Have you ever been a victim of food poisoning? Have those 99-cent tacos ever cost you much more in stomach medicines and time off from work? Well, FeedingtheAccelerator’s Heather Jonasson plans to find out the best way to eat her tacos and burgers without ever having to spend all night in the bathroom again.
The Center for Disease Control states that over 48 million people in America get sick from food poisoning each year, while 128,000 are hospitalized and 3,000 even die from food-borne diseases. I know that I’ve been a victim of food poisoning several times. At the moment, the most I can do is suffer and report it to the local health authority, who I have to hope investigates the problem so that someone with a weaker system than mine doesn’t succumb to an even worse sickness.
If you’ve experienced this, and I think you most likely have, then you should be just as glad as I was to hear that we are finally advancing in technology to prevent food spoilage and diseases. And some of this technology is available already to your smartphone!
Let’s start with the temperature at which food is stored. Incorrect temperature of food can lead to food spoilage, which then can lead to sickness or just food waste. Some of the technologies being developed toward food safety are temperature-monitoring devices for refrigerators. These are mainly designed for restaurants that might sometimes have power outages or damage to their cooling systems. This type of technology contains sensors that are connected to the Internet to alert the user of any change in temperature that could result in food spoilage.
Food safety technology is not only limited to stores, restaurants and manufacturers. As the customer, we want to be able to determine for ourselves whether we feel our food is safe to eat. It’s human nature to want to be in control of your own safety. Generally, I trust myself driving a car more than other people and I trust that I’ve washed my hands before preparing my meals. I admit, I’m forced to give over control when I travel on an airplane or in surgery, but I have to trust that pilots and surgeons have a better education than me in those fields (and better technology, I hope).
One example of a system for food customers is the seafood tracing system “Thisfish.” With this, a customer can scan or enter a code on the food item with their phone. The system tells you the boat and crew that caught the fish, the method of fishing, and the location and information about the processing company. Wow! I like to know where my food is coming from, but this is beyond my expectations. If I’m extremely pleased with the fish, will I then start scanning the store for Captain Jules’ boat and crew’s latest catch? I guess I could if I wanted to.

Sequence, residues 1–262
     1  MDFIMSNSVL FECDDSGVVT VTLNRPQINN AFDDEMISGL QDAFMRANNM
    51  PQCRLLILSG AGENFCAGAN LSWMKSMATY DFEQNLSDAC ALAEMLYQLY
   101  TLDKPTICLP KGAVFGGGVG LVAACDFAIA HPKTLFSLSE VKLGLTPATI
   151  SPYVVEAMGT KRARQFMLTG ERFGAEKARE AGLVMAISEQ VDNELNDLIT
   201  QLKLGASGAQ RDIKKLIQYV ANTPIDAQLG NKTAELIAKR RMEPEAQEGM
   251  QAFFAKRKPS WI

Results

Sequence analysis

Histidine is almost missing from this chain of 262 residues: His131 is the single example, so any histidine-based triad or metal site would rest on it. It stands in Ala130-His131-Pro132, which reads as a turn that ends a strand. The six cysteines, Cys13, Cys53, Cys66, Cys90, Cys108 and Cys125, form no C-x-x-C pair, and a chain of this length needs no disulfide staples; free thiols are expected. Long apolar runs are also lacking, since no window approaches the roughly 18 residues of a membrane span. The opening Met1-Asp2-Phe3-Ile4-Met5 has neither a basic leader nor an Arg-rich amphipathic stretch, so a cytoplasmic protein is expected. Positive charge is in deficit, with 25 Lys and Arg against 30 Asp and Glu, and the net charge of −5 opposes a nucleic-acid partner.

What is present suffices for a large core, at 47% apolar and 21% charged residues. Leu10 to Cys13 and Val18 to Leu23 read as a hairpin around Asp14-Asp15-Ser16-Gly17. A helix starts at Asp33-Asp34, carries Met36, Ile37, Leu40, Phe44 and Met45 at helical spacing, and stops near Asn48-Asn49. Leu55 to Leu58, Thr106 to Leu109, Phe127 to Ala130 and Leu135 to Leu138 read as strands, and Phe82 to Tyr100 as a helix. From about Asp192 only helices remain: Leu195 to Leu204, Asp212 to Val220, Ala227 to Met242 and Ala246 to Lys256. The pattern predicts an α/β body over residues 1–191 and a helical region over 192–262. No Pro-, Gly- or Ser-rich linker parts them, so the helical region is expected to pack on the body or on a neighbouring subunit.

This technology will soon expand not just to fish, but to produce in local supermarkets, to provide the customer with tracking information, letting us know if the food is actually organic or how long it took to arrive at the store. Personally, I think this is an excellent idea. Tekfors is another company that is developing a network-connected instrument to be used by consumers to scan for contaminants in food. Sensors detect the properties in the food and transmit this information via an app to a server. I think in the future, this could be a daily necessity when grocery shopping and we will be shocked that we lived without this information previously.
Scientists are currently working on databases of microbial foodborne strains and sequencing them for traceability. If one food is contaminated, the information from which it came from can be used for an immediate inspection of other foods coming out of the same facility.
But what about when you go to restaurants? The food has already been cooked and there is obviously no bar code to trace.
That’s where companies like HDScores come in. Their company has an iPhone app showing health inspection scores for restaurants and food establishments. It’s like a restaurant review site, but for health inspections. In cities like New York, restaurants are usually required by law to post their health score in the front window, but the laws aren’t the same all over the country and an app like this could be a huge help to avoiding potentially contaminated places.
I look forward to not having to worry at a restaurant that my chicken wings are going to arrive with a few feathers attached (true story, and that chain is now out of business). It will be so nice to know that the meat I buy was raised by a farm I trust and not just surplus rejections from Banjo’s Discount Meat Warehouse.
I believe this technology will expand to even more safety features that can be used in more parts of the world. By eradicating food-borne diseases, we can eliminate future health-care costs and increase the well-being and food intake all over the world.
Heather is an authentic Texas girl, who just wants to eat her tacos in peace. She is the twitter expert at FeedingThe Accelerator. You can follow her at @FeedAccelerator and @heatheraudrey.